Bolt says Jamaica’s current male sprinting is embarrassing

Bolt says Jamaica’s current male sprinting is embarrassing
Usain Bolt

(JAMAICA GLEANER) — A major figure in Jamaica’s most dominant period in international track and field, iconic sprinter Usain Bolt, says he is disturbed by the state of the country’s male sprinting, heading into the World Championships in Doha, Qatar, in September.

Bolt, who retired in 2017 after the World Championships in London, is, however, backing the island’s female sprinters to continue their impressive showing at the top level, but believes it is embarrassing that the island has not been able to produce other male sprinters to pick up the mantle in recent years.

“For all the work we have done to uplift the sprinting and to prove a point and to uplift the country, it looks a way now. Now that I’ve walked away from the sport and no one is there to pick up the pieces or to keep the level, it’s embarrassing for the country,” said Bolt.

So far this season, only Yohan Blake (9.96 seconds) has gone below 10 seconds in the 100m among Jamaican male sprinters, and in 2018, no sprinter from the island registered a top-10 time in the event. Andre Ewars (20.14 seconds) is the fastest Jamaican in the 200m so far this year.

Akeem Bloomfield was the only Jamaican to dip below 20 seconds in the 200m last year, while Blake, Tyquendo Tracey and Ewars all went sub-10 seconds in the 100m in 2018 with times ranking from 26th to 54th in the world.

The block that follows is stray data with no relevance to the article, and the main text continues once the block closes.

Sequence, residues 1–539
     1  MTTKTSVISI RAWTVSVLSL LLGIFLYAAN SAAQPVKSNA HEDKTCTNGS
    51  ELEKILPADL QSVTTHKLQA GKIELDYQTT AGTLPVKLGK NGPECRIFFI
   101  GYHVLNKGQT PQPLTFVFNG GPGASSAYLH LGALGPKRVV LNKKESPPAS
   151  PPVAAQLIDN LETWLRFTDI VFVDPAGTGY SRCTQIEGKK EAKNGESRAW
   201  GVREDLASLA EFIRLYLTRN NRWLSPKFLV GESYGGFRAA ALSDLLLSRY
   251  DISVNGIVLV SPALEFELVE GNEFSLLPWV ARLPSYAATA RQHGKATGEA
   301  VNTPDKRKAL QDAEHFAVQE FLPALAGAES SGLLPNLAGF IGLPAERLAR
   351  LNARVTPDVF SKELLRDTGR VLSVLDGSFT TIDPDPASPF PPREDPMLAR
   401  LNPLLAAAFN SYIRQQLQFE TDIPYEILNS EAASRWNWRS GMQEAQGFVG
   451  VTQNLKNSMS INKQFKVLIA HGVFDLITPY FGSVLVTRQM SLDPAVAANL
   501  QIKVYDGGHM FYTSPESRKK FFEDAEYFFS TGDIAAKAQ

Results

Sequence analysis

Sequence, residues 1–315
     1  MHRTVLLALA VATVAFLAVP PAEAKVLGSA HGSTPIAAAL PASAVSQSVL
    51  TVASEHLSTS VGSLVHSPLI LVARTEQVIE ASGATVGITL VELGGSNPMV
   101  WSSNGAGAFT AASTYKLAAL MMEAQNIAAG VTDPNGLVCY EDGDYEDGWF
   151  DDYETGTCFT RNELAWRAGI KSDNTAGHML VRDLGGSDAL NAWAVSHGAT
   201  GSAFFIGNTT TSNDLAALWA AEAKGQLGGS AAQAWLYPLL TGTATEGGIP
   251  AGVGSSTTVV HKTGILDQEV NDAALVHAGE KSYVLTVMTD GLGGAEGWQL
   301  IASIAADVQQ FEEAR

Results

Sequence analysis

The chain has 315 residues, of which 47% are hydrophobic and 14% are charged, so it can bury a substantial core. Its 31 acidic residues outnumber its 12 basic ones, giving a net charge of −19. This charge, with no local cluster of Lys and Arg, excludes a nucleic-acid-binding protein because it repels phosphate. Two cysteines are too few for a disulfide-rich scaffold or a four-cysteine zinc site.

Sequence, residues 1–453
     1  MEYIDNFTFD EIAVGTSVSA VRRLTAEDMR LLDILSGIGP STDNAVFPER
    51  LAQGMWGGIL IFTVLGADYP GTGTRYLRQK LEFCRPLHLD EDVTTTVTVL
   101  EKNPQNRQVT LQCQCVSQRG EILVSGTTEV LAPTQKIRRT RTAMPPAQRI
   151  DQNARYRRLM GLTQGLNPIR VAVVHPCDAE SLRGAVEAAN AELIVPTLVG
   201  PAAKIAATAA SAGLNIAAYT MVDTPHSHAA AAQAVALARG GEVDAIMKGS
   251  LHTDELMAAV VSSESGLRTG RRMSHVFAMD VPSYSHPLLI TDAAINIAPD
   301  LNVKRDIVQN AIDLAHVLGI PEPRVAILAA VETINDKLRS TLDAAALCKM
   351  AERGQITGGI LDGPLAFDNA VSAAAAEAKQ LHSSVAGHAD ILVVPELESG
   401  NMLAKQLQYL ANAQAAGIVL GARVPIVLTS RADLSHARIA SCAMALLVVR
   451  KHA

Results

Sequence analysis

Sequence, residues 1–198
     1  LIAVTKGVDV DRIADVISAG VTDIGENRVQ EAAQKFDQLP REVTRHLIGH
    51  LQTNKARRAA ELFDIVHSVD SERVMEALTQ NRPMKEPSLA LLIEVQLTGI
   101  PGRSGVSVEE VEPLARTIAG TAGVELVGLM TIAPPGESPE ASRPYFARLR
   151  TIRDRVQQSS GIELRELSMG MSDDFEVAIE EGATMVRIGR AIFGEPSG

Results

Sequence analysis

“Every time I see people, they say, ‘You need to put on back your spikes and come back. We need you.’ We have so much talent in Jamaica for us to have no one stepping up or even someone where we can say, this person is going to be great,” Bolt added.

Since 2008, Jamaica has won 21 of the combined 48 medals on offer in the men’s 100m and 200m at the three Olympic Games and five World Championships that took place over the period, cementing its reputation as the sprint capital of the world.

Bolt, who said he is expecting the Jamaican female sprinters to continue excelling, underlined their commitment to hard work and their constant pursuit of greatness as major factors behind their contrasting fortunes with the country’s male sprinters.

“For me, enuh, I think the females will do well. I personally think the females will do well. Again, back to the males, if we’re going to fall off, it would be on the male side, but I feel that the females will hold up their end and will do well. We’ll see what happens,” said Bolt.

Double Olympic sprint champion Elaine Thompson and two-time Olympic champion and seven-time World Championships gold medallist Shelly-Ann Fraser-Pryce are currently responsible for seven of the 10 fastest times in the 100m so far this season, including the 10.73 seconds world-leading mark.

Thompson’s 22.00seconds is also the fastest time this season in the 200m, with Fraser-Pryce’s 22.22 logging in at number eight.

“It’s the fact that females are smarter; I personally think that. Because they want to be great, they want to accomplish things in life so they work towards certain things. And for me, I said to Shelly the other day when she ran, I texted her, ‘Excellent job’. I like the fact that she changed her form, because normally she runs and leans forward, but now she runs upright. I was like, ‘Yo, you looking good and I’m proud of you.’ We had that conversation.

“The females, though, they want to be great. They want to do great things. They want to develop and go on to do big things. I don’t feel like the males are there,” said Bolt.


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